In the EU, any third party in possession of genuine goods put on the market in the European Economic Area (EEA) by the trade mark owner or with the trade mark owner’s consent is free to resell those goods within the EEA. This is because the EU imposes a system of “regional exhaustion”, which means parallel imports (genuine branded products put on the market by a rights holder in one territory and subsequently imported into a different territory by a third party without the rights holder’s consent) within the EU region cannot be prevented on the basis of the brand owner’s IP right.  However, the rules relating to regional exhaustion of rights do not apply when the trade mark the owner can invoke legitimate reasons to oppose the further commercialisation of those goods.

 

Article 15(2) of EUTMR 2017/1001 (former Article 13(2) of EUTMR 207/2009) cites examples of legitimate reasons, i.e. situations where the condition of the goods has been changed or impaired. Case law has confirmed that this includes the repackaging of the goods and the reaffixing of the trade mark. These principles were all recently explored again in the CJEU case of Junek Europ-Vertrieb v Lohmann & Rauscher International Case C-642/16.

 

The case concerned a company (Lohmann) which manufactures sanitary preparations for medical purposes, retailed under the EU trade mark DEBRISOFT, which had been placed on the market in Austria. A third party (Junek) later imported these products from Austria to Germany. In doing so, they placed a small label on an unprinted part of the product packaging.  The label stated the company responsible for the importation, its address and telephone number, a barcode, and a central pharmaceutical number. The label did not conceal the DEBRISOFT mark or any other feature of the original packaging.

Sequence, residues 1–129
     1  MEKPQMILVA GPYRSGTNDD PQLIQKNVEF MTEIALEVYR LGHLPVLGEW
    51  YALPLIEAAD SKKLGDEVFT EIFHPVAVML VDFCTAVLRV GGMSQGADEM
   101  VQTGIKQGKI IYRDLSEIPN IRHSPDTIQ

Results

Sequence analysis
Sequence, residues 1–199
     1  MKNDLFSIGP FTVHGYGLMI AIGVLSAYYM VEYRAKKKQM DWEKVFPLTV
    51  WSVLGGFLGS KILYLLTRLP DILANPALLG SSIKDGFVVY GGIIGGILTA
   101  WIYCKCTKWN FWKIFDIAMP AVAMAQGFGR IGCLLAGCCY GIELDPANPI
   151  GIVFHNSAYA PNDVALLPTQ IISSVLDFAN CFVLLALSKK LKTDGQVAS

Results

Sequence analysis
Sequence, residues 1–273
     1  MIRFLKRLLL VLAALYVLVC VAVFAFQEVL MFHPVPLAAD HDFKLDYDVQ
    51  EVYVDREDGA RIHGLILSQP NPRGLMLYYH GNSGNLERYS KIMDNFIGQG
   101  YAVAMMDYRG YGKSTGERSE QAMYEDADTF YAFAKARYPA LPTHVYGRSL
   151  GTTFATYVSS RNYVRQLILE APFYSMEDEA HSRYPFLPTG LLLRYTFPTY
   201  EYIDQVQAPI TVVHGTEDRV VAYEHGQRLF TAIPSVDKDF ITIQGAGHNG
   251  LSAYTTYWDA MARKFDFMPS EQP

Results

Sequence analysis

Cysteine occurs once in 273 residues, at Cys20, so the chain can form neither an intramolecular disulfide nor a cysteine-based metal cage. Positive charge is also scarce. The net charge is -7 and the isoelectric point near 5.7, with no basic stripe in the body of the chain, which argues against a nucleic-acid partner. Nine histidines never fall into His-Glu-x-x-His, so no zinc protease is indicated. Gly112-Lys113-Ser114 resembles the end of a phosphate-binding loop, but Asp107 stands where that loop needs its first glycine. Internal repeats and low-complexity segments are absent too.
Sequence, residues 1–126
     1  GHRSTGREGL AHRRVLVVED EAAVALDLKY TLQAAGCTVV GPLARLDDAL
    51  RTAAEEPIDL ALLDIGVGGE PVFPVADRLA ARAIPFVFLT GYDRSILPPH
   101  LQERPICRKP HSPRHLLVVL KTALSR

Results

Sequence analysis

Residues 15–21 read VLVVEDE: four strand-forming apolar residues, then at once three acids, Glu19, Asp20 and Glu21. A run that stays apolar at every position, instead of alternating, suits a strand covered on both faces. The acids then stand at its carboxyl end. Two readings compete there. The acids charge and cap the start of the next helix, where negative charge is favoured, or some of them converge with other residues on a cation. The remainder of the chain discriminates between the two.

Lohmann claimed that it had legitimate reasons to object to the import because the product had been “repackaged”, and brought trade mark infringement proceedings in Germany. Lohmann was successful at first instance. On appeal, the German Federal Court referred a preliminary question to the CJEU and queried whether Article 13(2) (as it then was) meant that the owner of the trade mark could oppose further commercialisation of a medical device imported from another member stated when it is in its original internal and external packaging and there is an additional label added by the importer.

 

Case law states that a brand owner can oppose a repackaging of a pharmaceutical product if the repackaging threatens the guarantee of origin, unless certain conditions are met (as laid out in the cases Bristol-Myers Squibb (see C-427/93, C-429/93 and C-436/93) and Boehringer Ingelheim (see C348/04)). However, in this case, the CJEU distinguished the earlier decisions on the basis that in the earlier cases, there was an “intervention” by the parallel importer, e.g. opening the packaging to insert an information leaflet as well as adding an external label. In this case, Junek merely affixed an additional label to an unprinted part of the original packaging and the label was small and included only necessary information. The CJEU found that Junek had not “repackaged” the goods and its actions did not affect the origin functions of the trade mark.

 

Although fact-specific, this case sets a threshold as to actions which would not constitute the repackaging of products (whilst Bristol-Myers Squibb and Boehringer Ingelheim set out actions which would). The CJEU took a common sense approach and confirmed that a small label in a blank space on the packaging would not impact on the origin function of a trade mark.

 

We must wait to see how the UK will approach the issue of parallel imports following Brexit, especially in the pharmaceutical sector, where the issue is most likely to arise. It is fair to say that whatever Brexit deal is reached between the UK and the EU, the parallel import business between the UK and EU will undergo major changes.


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